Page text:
The western world is mired in debt and on the cusp of recession, but US Treasuries are rallying (yields falling to record lows) and even the euro - the epicentre of the current financial market problems - is holding up fairly well. There may be an imminent banking crisis in the Eurozone, but that isn't being reflected in EURUSD right now. But at the same time FX investors are flocking to safe havens and the Swiss franc and Japanese yen are hitting record highs.

It's complicated in the FX space right now, and some of the price action is hard to explain. Thus it can be useful to go back to fundamentals to try and get a grip on the markets.

A traditional driver of FX is a country's financial position. So richer countries tend to see their currencies appreciate and vice versa. This is often measured using relative current account positions. The current account measures income from trade, financial investments such as stocks, foreign bonds and currencies and transfer payments like foreign aid. Thus relative changes in the current account position can impact FX.

The chart below shows current account as a % of GDP for: US (yellow), UK (orange), EU (green), Japan (red), China (purple), Switzerland (blue).


There is a clear grouping here between countries with strong current account positions - China, Japan and Switzerland - and those with weak positions - the US and the UK - the Eurozone is somewhere in the middle although its CA position has deteriorated in recent months.

Switzerland has the strongest position of all, hence the Swiss franc has rallied strongly along with the yen vs. the dollar, the pound and the euro. China doesn't allow the renminbi to float freely, but one can imagine that if it did the yuan would also be considered one of the safe havens.

But what about the price action between the pound, the dollar and sterling? This has been labelled the battle of the ugliest for good reason. As you can see, Europe's current account position is better than that of the UK and US, which goes some way to explain the single currency's resilience against the dollar and the pound in recent months even as the sovereign debt crisis continues to rage on.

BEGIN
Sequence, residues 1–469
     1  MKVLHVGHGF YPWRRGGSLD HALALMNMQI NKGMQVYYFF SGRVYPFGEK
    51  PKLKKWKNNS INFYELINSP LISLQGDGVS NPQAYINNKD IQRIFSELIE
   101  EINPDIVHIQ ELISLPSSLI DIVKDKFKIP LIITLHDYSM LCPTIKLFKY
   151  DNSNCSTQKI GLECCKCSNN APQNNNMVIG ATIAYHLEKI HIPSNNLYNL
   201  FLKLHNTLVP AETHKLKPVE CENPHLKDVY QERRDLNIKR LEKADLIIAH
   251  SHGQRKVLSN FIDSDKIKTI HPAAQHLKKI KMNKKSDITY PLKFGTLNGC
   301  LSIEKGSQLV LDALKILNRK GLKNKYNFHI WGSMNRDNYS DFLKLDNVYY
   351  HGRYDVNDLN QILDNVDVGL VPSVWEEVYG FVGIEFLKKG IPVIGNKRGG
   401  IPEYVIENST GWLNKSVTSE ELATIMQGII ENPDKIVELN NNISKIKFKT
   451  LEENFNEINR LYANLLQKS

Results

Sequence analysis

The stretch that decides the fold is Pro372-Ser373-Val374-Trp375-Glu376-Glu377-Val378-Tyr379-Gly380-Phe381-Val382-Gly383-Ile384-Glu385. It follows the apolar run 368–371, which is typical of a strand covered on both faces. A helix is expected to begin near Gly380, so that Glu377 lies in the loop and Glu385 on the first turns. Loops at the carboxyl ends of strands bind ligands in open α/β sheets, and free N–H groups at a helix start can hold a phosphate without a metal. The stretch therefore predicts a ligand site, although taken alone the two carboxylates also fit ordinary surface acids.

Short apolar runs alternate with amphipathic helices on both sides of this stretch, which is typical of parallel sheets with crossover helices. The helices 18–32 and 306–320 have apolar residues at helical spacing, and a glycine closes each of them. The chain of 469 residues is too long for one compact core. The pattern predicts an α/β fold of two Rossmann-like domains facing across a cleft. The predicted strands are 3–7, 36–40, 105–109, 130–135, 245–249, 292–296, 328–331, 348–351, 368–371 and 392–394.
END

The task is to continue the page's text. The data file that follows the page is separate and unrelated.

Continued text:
Although there are plenty of reasons to support a lower EURUSD, in the current economic climate investors go back to fundamentals - they want to own currencies with good financial plumbing, and sell those that have sprung leaks. This means that the Euro is the prettiest for now.

However, the US's current account position, although weak has improved markedly in recent years. This compares with the Eurozone, which has seen its current account fall into deficit once again. This is a development worth watching. Fundamentals like current account positions tend to have a more medium-term impact on the market and don't tend to move currencies in the short-term. We believe the euro won't start to meaningfully decline against the dollar and the pound unless its current account deteriorates rapidly in the coming months. However, with the US and the UK also on the cusp of recession, it will be hard for both any of the majors to improve their finances any time soon.


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